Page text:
Dr. Eggermont reports receiving advisory board fees from Actelion, Agenus, Bayer, Bristol-Myers Squibb (BMS), GlaxoSmithKline (GSK), Incyte, ISA Pharmaceuticals, HalioDX, MedImmune, Merck Serono, Merck Sharpe and Dohme (MSD), Nektar, and Sanofi, and advisory board fees and fees for data and safety monitoring board membership from Novartis and Pfizer; Dr. Blank, receiving grant support and fees for advising, paid to his institution, from BMS and Novartis, and fees for advising, paid to his institution, from GSK, Lilly, MSD, Pfizer, and Roche; Dr. Mandala, receiving consulting fees, lecture fees, and fees for serving on speakers’ bureaus from MSD and BMS; Dr. Long, receiving consulting fees from Array, BMS, Novartis, Roche, Amgen, Pierre Fabre, MSD, and Incyte; Dr. Atkinson, receiving advisory board fees, lecture fees, and travel support from BMS, advisory board fees from Merck Serono, Pierre Fabre, and Roche, and advisory board fees and lecture fees from MSD and Novartis; Dr. Dalle, receiving grant support and travel support from BMS and travel support from MSD; Dr. Haydon, receiving advisory board fees from Novartis and Pierre-Fabre; Dr. Khattak, receiving lecture fees and travel support from MSD; Dr. Carlino, receiving advisory board fees from MSD, BMS, and Novartis; Dr. Sandhu, receiving advisory board fees from Merck and BMS; Dr. Larkin, receiving consulting fees from Eisai, GSK, Kymab, Roche–Genentech, Secarna, Pierre Fabre, and EUSA Pharma, and grant support and consulting fees from BMS, MSD, Pfizer, and Novartis; Dr. Puig, receiving patients’ fees, paid to her institution, from Amgen, Biofrontera, Regeneron Pharmaceuticals, and Philiogen, advisory board fees from Isdin, course fees paid on her behalf by Lilly, lecture fees and training fees paid of her behalf by LaRoche Posay, grant support, advisory board fees, and patients’ fees, paid to her institution, from Leo Pharma and Almirall, grant support, honoraria, and fees to attend a seminar paid on her behalf by Novartis, grant support and lecture fees from Roche, lecture fees from Pierre Fabre, and lecture fees and patients’ fees, paid to her institution, from BMS; Dr. Ascierto, receiving grant support, consulting fees, and advisory fees from BMS, Roche–Genentech, and Array, and consulting fees and advisory fees from MSD, Novartis, Amgen, Merck Serono, Pierre Fabre, Incyte, Genmab, NewLink Genetics, MedImmune, Syndax, and AstraZeneca; Dr. Rutkowski, receiving lecture fees and advisory board fees from MSD, Roche, and Amgen, grant support, lecture fee, and advisory board fees from BMS and Novartis, advisory board fees from Blueprint Medicines, and lecture fees from Pfizer; Dr. Schadendorf, receiving advisory board fees from Amgen, Leo Pharma, AstraZeneca, Pfizer, and Array, lecture fees from Boehringer Ingelheim, advisory board fees, lecture fees and patients’ fees from Roche, Novartis, BMS, and Merck-EMD, advisory board fees and lecture fees from Incyte and Pierre Fabre, advisory board fees and patients’ fees from Regeneron and Philiogen, and honoraria from 4SC; Dr. Koornstra, receiving advisory board fees and lecture fees from Novartis and BMS, advisory board fees from Roche and Pierre Fabre Medicament, and lecture fees from MSD; Dr. Hernandez-Aya, receiving fees to conduct clinical trials, paid to his institution, from BMS, Merck, Amgen, Roche, Regeneron, Novartis, Immunocore, Merck-EMD, Corvus, Polynoma, and Genentech; Dr. Maio, receiving advisory board fees from BMS, Roche, MSD, AstraZeneca, GSK, and Incyte; Dr. van den Eertwegh, receiving advisory board fees from BMS, MSD, Amgen, Novartis, and Roche; Dr. Grob, receiving advisory board fees from MSD, BMS, Novartis, Amgen, Merck-Pfizer, and Pierre-Fabre, grant support and advisory board fees from Roche, and grant support from Sun Pharma; Dr. Gutzmer, lecture fees, honoraria, and patients’ fees from Amgen, lecture fees from Boehringer Ingelheim and AstraZeneca, honoraria from Leo Pharma and Incyte, lecture fees, honoraria, support for meeting participation, and patients’ fees from Roche and BMS, grant support, lecture fees, honoraria, and patients’ fees from Novartis, honoraria and patients’ fees from Regeneron and 4SC, lecture fees, honoraria, and support for meeting participation from Pierre Fabre, lecture fees and honoraria from Merck-EMD and Almirall-Hermal, grant support from Pfizer and Johnson & Johnson, and patients’ fees from Philiogen and Array; Dr. Jamal, receiving grant support and patients’ fees, paid to her institution, from BMS and Merck, and patients’ fees, paid to her institution, from Pfizer, Roche–Genentech, AstraZeneca, Novartis, MedImmune, and GSK; Dr. Lorigan, receiving grant support, advisory board fees, fees for serving on a speakers’ bureau, and travel support from Bristol-Myers Squibb, advisory board fees, fees for serving on a speakers’ bureau, and travel support from MSD, advisory board fees and fees for serving on a speakers bureau from Novartis and Roche, and advisory board fees from Amgen, Nektar, Pierre Fabre, and Nera Care; Dr. Ibrahim, being employed by and owning stock in Merck, and owning stock in GSK; Dr. van Akkooi, receiving grant support, consulting fees, and honoraria from Amgen and Novartis, and consulting fees and honoraria from MSD, Merck-Pfizer, and BMS; and Dr. Robert, receiving consulting fees and advisory board fees from BMS, GSK, Novartis, Amgen, Merck, and Roche. No other potential conflict of interest relevant to this article was reported.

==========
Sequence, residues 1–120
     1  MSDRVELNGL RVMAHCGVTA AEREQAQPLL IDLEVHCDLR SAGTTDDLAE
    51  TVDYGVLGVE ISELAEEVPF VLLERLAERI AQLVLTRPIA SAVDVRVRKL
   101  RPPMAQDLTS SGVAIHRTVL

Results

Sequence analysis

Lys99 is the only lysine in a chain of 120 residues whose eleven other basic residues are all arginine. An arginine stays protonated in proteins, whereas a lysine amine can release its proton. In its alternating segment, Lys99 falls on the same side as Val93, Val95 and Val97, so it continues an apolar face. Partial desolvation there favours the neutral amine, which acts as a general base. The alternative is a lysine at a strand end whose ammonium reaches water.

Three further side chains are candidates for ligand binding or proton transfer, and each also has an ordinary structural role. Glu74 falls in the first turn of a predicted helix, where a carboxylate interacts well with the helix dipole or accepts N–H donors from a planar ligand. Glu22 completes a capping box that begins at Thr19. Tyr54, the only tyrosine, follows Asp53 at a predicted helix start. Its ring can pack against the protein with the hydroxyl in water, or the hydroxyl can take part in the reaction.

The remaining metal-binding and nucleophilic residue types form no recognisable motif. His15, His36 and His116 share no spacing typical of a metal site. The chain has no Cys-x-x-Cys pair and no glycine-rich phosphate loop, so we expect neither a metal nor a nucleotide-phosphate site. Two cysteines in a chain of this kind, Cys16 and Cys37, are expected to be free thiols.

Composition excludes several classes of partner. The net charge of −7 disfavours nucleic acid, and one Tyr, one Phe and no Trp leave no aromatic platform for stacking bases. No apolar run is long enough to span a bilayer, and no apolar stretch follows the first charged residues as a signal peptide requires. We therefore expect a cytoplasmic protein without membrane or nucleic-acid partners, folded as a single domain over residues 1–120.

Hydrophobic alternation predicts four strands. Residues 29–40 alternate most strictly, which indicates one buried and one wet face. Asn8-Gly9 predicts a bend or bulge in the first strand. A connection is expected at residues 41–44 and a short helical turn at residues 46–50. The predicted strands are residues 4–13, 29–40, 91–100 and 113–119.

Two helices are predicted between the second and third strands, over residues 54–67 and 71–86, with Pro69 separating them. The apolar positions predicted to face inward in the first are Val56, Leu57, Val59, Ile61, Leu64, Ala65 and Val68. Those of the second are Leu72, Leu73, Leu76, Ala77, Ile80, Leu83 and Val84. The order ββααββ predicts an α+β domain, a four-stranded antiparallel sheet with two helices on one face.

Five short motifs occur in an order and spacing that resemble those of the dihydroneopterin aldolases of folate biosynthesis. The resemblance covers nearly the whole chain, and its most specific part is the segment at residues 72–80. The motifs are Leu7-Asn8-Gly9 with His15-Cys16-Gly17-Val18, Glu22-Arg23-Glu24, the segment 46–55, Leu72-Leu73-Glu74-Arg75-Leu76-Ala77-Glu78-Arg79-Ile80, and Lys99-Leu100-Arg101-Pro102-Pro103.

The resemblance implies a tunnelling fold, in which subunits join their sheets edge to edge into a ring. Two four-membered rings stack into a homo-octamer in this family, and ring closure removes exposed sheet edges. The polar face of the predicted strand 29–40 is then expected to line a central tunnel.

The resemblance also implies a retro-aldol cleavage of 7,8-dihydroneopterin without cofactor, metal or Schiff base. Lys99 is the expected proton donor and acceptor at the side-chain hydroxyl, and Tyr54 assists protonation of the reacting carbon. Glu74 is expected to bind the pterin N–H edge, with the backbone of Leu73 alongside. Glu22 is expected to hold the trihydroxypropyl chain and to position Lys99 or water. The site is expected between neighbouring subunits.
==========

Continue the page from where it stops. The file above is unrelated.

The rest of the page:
Drs. Suciu and Robert contributed equally to this article.

This article was published on April 15, 2018, at NEJM.org.

We thank the European Organization for Research and Treatment of Cancer team members who have not been included in the author list of this article and who contributed to the success of the trial: the data-management team (Sven Janssen, Alexander Parmentier, Anneleen Durnez, Katrien Wuyckens, Leen Wijnen, Miguel Remis, Nathalie Elaut, Robby Louis, Stef Van Hul, Laetitia Martins, Kelly Pelsmaekers, Marion Wargnies, Katrien Baus, and Larissa Polders), project-management team (Patrizia Favaloro and Gaetan de Schaetzen), medical department (Florence Defresne, Béatrice Fournier, and Konstantine Tryfonidis), statistical/SAS team (Michal Kicinski, Lei Ding, Catherine Fortpied, and Gaëlle Isaac), and pharmacovigilance team (Sandrine Rivrain and Benjamin Lacroix); and the Merck team members for trial oversight (Veronica Rivas, Lam Calderon, Suzanne Jones, Shilpa Patel, Robert Lupinacci, and Clemens Krepler) and for trial design and protocol conception discussions (Eric Rubin, Emmett Schmidt, and Scot Ebbinghaus).